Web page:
Sports Headphones – A Diamond in the Rough

My latest entry prompted several headphone recommendation requests, and the first was resolved with great success so I will share it here for anyone interested in the same market.

A friend was interested in activewear headphones for use while exercising at the gym. Bluetooth was a key feature as they wished to pair the cans wirelessly with their iPod Touch. Her budget was $200. She wanted an on-ear style as IEMs inevitably fall out of her smaller-than-average ears.

I related to her my experience with Sennheiser behind-the-neck style on ear headphones and did some research to see what was available in Bluetooth in that format.

Sport behind the neck on-ear wireless headphones with Bluetooth technology is an incredibly tiny, tiny niche market. As such there is very little in the way of articles or features showcasing the best models. Matters are further complicated by the fact that behind-the-neck Bluetooth cans are not listed among all the other headphones on Amazon but instead are tucked away quietly under cell phone accessories.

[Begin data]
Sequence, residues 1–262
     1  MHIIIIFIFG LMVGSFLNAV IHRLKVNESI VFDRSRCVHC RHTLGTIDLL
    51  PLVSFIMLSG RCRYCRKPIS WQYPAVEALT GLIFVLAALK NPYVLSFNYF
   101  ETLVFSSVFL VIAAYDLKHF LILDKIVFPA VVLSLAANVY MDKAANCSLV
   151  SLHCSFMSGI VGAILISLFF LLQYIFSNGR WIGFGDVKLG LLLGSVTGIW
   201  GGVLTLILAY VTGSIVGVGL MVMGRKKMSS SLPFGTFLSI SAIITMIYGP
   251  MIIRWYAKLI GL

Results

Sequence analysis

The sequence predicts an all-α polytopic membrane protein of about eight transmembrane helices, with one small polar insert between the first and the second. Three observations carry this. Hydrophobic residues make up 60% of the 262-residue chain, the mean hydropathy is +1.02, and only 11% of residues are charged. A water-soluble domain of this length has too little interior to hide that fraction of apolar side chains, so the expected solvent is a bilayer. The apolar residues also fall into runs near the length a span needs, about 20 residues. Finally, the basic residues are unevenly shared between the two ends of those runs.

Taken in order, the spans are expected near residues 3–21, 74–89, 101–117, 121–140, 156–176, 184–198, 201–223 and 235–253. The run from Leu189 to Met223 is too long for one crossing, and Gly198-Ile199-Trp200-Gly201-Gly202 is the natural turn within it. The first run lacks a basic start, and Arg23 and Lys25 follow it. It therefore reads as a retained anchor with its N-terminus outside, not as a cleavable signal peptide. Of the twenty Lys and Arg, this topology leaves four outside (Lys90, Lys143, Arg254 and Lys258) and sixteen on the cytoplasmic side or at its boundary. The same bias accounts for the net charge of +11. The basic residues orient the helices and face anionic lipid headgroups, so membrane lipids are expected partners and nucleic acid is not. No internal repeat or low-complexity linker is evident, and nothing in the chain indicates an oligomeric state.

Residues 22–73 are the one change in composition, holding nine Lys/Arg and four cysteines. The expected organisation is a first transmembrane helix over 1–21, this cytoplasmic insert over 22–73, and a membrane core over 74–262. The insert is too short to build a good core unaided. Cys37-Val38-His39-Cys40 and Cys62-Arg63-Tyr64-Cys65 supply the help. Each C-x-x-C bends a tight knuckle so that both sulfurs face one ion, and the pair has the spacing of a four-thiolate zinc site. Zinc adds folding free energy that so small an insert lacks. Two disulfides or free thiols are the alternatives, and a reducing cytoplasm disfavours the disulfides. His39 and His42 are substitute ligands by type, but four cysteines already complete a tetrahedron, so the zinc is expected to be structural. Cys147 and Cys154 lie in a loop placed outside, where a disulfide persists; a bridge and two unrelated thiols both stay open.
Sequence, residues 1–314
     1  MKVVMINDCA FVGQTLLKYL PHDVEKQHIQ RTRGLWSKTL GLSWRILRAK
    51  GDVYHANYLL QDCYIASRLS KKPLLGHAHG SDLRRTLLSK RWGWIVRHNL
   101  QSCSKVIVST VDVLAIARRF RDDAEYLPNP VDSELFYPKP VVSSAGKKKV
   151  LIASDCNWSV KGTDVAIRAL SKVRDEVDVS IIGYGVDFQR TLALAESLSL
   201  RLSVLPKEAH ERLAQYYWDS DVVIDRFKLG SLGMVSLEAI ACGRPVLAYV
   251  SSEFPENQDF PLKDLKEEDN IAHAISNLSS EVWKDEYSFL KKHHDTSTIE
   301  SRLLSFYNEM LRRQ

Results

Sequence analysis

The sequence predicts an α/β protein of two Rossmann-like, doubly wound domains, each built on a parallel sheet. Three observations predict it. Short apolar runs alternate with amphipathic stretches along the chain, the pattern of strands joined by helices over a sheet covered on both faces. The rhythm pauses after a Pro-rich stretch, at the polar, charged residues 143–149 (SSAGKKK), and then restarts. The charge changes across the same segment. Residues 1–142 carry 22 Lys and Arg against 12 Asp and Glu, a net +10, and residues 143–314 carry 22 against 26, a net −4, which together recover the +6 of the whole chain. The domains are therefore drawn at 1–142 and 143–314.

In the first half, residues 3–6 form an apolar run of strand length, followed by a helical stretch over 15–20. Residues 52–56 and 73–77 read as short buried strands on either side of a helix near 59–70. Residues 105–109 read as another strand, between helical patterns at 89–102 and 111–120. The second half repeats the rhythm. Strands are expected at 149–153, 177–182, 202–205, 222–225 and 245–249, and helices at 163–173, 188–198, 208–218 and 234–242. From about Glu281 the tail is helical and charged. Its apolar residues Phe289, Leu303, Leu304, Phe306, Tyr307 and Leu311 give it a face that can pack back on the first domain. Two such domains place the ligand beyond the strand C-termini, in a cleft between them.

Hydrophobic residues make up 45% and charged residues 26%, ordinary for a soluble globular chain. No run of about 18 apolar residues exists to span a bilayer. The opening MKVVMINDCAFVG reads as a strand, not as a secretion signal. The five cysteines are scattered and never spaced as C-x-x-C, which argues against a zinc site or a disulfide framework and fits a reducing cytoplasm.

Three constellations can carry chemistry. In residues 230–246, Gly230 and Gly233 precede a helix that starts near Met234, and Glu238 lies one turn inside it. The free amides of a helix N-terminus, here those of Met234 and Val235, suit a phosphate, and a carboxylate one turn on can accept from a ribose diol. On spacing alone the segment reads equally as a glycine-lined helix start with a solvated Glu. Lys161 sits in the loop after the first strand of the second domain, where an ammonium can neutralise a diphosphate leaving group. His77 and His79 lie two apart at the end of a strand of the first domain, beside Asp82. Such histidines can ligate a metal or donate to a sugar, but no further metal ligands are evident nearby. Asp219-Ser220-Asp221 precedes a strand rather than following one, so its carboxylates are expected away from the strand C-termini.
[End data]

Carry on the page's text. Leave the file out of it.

But exploring that small category quickly revealed that there are very, very few models available with the behind-the-neck on-ear build and that most of those which qualify have only a handful of customer reviews on Amazon. The average cell phone accessory headphones are IEMs and have only 1-300 reviews, which did not instill any degree of confidence as to their quality.

Surprisingly, there was one single product which is the diamond in the rough of this otherwise quiet market. The Kinivo BTH240 headphones have a 4-star average review from over 5,100 buyers who each sing its praises in great detail. The 240 series was apparently a significant improvement over the previous Kinivo model in several categories, including improved battery life, a sleeker new design, increased number of pairings, and an added micro USB charging port.

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The model is incredibly lightweight at only 73g, is foldable, and comes with a velveteen storage pouch. It works with the iPod Touch and a variety of other devices, and the battery is good for ten hours of active use. Users with smaller than average heads and ears expressed that they wear them with incredible comfort and that after 45 minutes of intense running the headphones hadn’t budged an inch. They are also incredibly resistant to sweat and are fantastically durable.